Saturday, 23 June 2018

Burne-Jones's mosaic in Rome

Chiesa di San Paolo entro le mura (St. Paul's Within the Walls) is a Protestant church designed by  George Edmund Street and built  in 1873-1880. It was the first non-Catholic church built in Rome after Papal jurisdiction was reduced to the Vatican in 1870, and ministered to the growing community of American residents and visitors to the city.
The red-and-white exterior, in travertine and red brick, looks out of place in late-Baroque Rome, but reflects northern Italian Gothic architecture of which Street had made a special study. It also pays respects to the tower of Santa Maria Maggiore, nearby.
The internal mosaics are by Edward Burne-Jones, whose compositional skills, colour sense and theological sensitivity enabled him to create designs perfectly in keeping with the mosaic means as well as his own well-crafted aesthetic. 
The top pic is from the church's website, the one below taken on site and oddly bleached by the light.  It is a very impressive effect, but also restrained.   Similarly, the apsidal scheme offers homage to that by Jacapo Torriti in Sta Maria Maggiore, but without that scheme's full-on Catholic veneration of the Virgin, which Protestants do not endorse.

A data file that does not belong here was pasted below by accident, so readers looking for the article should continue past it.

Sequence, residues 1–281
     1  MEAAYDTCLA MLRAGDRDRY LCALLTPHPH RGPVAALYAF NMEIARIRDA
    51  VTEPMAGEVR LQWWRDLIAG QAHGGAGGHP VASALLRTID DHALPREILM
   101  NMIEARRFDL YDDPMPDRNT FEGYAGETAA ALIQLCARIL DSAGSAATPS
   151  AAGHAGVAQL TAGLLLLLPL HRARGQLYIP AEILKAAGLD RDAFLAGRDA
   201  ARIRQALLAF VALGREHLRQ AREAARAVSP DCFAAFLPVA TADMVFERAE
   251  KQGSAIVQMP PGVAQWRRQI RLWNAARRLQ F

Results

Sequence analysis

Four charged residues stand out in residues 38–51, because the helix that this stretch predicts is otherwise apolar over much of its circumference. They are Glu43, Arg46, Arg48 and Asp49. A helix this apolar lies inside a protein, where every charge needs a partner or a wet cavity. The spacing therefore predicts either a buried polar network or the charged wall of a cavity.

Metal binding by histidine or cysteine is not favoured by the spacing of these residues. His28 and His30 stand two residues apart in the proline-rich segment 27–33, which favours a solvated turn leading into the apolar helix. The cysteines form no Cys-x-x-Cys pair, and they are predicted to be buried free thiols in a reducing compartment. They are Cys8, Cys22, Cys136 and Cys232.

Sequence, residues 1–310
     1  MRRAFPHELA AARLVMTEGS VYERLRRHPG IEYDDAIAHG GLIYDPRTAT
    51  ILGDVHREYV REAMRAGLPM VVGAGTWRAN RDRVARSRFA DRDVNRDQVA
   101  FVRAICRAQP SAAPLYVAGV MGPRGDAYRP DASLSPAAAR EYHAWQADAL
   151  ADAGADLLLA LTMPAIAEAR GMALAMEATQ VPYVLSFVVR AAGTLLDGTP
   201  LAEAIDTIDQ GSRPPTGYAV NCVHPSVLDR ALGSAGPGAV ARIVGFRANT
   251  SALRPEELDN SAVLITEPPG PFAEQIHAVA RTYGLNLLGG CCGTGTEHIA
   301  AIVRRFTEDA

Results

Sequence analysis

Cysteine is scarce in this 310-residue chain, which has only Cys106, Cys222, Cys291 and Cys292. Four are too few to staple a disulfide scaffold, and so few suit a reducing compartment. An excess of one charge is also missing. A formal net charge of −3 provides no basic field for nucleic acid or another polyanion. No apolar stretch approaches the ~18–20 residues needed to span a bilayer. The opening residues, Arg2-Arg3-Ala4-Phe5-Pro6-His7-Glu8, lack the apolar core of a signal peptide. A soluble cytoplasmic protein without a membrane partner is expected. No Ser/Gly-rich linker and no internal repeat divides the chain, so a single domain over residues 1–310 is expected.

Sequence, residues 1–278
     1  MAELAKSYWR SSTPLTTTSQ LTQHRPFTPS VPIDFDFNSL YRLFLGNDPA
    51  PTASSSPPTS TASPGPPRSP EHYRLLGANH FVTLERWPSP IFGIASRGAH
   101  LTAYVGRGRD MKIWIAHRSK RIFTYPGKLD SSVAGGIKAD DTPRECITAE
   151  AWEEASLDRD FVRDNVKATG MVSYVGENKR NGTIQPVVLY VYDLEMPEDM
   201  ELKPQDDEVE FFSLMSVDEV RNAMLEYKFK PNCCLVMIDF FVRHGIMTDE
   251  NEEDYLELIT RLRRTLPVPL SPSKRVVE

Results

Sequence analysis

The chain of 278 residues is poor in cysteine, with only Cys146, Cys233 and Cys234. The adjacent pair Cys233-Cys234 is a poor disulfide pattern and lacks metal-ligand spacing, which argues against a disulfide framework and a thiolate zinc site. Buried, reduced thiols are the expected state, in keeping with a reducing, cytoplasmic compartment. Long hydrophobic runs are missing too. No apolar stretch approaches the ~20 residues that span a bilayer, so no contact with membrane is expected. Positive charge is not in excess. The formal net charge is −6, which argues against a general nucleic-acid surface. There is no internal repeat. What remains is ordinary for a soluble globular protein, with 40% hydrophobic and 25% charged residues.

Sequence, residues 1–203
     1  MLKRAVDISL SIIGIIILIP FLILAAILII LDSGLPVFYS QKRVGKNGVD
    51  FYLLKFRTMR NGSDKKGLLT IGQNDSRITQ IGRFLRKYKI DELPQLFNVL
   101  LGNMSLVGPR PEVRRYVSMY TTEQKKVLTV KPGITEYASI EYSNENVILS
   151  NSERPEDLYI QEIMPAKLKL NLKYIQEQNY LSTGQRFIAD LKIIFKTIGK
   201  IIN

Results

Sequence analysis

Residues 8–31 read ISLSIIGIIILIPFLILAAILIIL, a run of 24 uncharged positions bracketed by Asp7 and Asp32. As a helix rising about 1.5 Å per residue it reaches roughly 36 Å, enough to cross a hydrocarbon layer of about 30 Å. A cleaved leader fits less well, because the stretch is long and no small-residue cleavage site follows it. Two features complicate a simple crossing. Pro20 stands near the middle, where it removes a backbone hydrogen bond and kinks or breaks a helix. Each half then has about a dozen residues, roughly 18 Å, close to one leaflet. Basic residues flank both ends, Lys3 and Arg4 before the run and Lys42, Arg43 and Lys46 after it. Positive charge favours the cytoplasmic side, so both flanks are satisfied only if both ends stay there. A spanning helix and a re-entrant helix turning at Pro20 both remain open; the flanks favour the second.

Instead, EBJ's iconography includes the Annunciation set in a desert landscape.  Below this a Tree of Life with Adam and Eve and children, which is also a Crucifixion.  Then Christ Enthroned in the Heavenly Jerusalem and on the main register The Earthly Paradise or The Church Militant, with massed ranks of pious women and men and a phalanx of high-stepping horses. 
One senses that EBJ had fun designing all this, ignoring St Paul's preaching and epistles.

IN FACT as Scott Buckle has shown from a surviving study of the white horse, the horses and sundry other details including heads of saints and martyrs, were drawn by Thomas Rooke, who had a hand in or finished various pieces by EBJ.  Presumably the components of the  scheme were in EBJ's design, and Rooke was practised in emulating the style; so to whom should the ensemble be credited?

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